AT&T will tout high-speed Net access via cable through its newly acquired controlling stake in @Home. Meanwhile, Baby Bells such as SBC Communications and Ameritech will push Net access over copper wires, dubbed DSL.
AT&T has another weapon in its "bundling" arsenal, too: cable TV. The Baby Bells have lagged in providing television, so this battle will be closely watched as well.
"If the telcos weren't taking the threat of cable modems seriously, the AT&T acquisition will drive that home," said Michael Harris, president of Kinetic Strategies, an industry consulting firm. "This will accelerate their plans."
Make no mistake: Bundling local and long distance phone service is a higher priority for AT&T and the Baby Bells compared with high-speed Net access--or with cable TV, for that matter.
While growing fast, high-speed Net access via cable is promising, bit it remains a relatively small business. The market has an estimated 250,000 customers, although this is expected to reach more than 10 percent of U.S. households by 2002. High-speed Net access also will help round out AT&T's product offerings.
In some markets, the DSL vs. cable modem shakeout will be intense. Take Silicon Valley and the rest of San Francisco Bay Area, for example. AT&T will offer cable modem Net access through @Home, while SBC will offer digital subscriber lines through Pacific Bell.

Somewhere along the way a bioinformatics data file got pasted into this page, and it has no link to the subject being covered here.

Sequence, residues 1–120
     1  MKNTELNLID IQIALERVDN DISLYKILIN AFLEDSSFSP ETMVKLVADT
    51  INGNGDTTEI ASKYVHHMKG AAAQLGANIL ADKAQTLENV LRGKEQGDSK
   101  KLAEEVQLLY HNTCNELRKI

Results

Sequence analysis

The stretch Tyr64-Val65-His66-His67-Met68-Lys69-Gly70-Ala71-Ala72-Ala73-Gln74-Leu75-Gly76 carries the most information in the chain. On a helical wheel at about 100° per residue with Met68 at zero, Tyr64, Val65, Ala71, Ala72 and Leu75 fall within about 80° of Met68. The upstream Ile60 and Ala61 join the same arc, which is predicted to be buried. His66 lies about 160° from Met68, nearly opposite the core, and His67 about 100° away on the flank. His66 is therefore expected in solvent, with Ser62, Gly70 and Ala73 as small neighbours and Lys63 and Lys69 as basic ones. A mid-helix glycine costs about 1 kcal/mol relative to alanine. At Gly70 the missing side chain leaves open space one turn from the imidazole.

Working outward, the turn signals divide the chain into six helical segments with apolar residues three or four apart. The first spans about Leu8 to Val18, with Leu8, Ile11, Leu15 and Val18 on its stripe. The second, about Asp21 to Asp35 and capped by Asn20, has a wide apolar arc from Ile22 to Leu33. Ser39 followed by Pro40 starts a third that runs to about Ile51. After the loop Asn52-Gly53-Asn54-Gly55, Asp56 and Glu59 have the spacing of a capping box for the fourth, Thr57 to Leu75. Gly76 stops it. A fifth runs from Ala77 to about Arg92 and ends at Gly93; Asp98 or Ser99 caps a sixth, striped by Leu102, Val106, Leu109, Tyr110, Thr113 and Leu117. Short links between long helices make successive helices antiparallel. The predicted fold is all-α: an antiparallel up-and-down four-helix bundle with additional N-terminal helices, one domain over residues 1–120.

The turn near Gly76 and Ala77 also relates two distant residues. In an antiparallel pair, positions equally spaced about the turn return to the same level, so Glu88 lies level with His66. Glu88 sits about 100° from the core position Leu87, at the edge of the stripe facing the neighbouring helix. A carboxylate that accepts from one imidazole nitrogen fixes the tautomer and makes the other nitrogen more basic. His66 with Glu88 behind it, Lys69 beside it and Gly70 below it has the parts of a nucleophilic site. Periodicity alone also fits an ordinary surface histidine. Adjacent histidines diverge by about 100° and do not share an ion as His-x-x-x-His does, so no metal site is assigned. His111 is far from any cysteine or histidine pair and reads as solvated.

Both @Home and SBC recently have been on an expansion binge. @Home has been entering new cities as TCI upgrades its cable network to provide two-way service. That process is expected to accelerate now that AT&T's financial muscle is behind the company. As @Home chief executive Tom Jermoluk put it yesterday, the AT&T buyout will let @Home offer a broader range of services "quicker and cheaper."
The AT&T name will provide marketing clout, too. Jermoluk noted the power of the Ma Bell brand yesterday.
Pacific Bell, meanwhile, has been expanding its DSL rollout. Last month, the phone company said it would expand its DSL launch to more than 200 communities in California, including more of the San Francisco Bay Area.
"Everybody is working hard to provide customers with a full range of service," said a spokesman for SBC, parent of PacBell.
This same competitive landscape is expected to play out in the Chicago metropolitan area, too. TCI, through @Home, provides Net access there as well. On the DSL side, Ameritech has been rolling out the product, with help from Microsoft. SBC could add further muscle, because it is proposing to buy out Ameritech, subject to regulatory approval.
According to TeleChoice, an industry consulting firm, the North American DSL market is expected to reach an installed base of 110,000 lines this year, 355,000 in 1999, and more than 1 million in 2001.
AT&T now has one offering that most of the Baby Bells don't, however--cable television. About three years ago, some of the Baby Bells teamed up on an interactive TV venture dubbed "Tele-TV." The venture included Pacific Bell, Bell Atlantic, and Nynex, and it hired former CBS top executive Howard Stringer to launch a full-fledged TV service.
But the Baby Bells got caught up in merger mania: Bell Atlantic and Nynex merged, and SBC bought Pacific Bell. As a result of cost-cutting, Tele-TV was disbanded. SBC also scaled back the wireless digital TV efforts initiated by Pac Bell.
"[Cable TV] is a bonus, but it's not a do-or-die situation for the telcos," Harris said. "What's more important is bundling local and long distance phone service and Net access."
An SBC spokesman said the company remains committed to digital TV. If consumers demand it, he added, the telco will offer it.